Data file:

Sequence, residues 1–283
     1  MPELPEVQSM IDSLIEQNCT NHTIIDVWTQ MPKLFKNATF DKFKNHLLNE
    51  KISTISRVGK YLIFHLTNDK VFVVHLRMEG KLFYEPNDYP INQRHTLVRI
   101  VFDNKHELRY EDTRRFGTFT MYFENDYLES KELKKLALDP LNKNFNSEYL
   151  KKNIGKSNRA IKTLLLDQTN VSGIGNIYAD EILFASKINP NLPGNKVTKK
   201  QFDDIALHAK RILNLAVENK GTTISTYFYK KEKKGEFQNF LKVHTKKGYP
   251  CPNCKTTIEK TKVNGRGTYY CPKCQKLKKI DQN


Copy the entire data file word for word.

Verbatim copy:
Sequence, residues 1–283
     1  MPELPEVQSM IDSLIEQNCT NHTIIDVWTQ MPKLFKNATF DKFKNHLLNE
    51  KISTISRVGK YLIFHLTNDK VFVVHLRMEG KLFYEPNDYP INQRHTLVRI
   101  VFDNKHELRY EDTRRFGTFT MYFENDYLES KELKKLALDP LNKNFNSEYL
   151  KKNIGKSNRA IKTLLLDQTN VSGIGNIYAD EILFASKINP NLPGNKVTKK
   201  QFDDIALHAK RILNLAVENK GTTISTYFYK KEKKGEFQNF LKVHTKKGYP
   251  CPNCKTTIEK TKVNGRGTYY CPKCQKLKKI DQN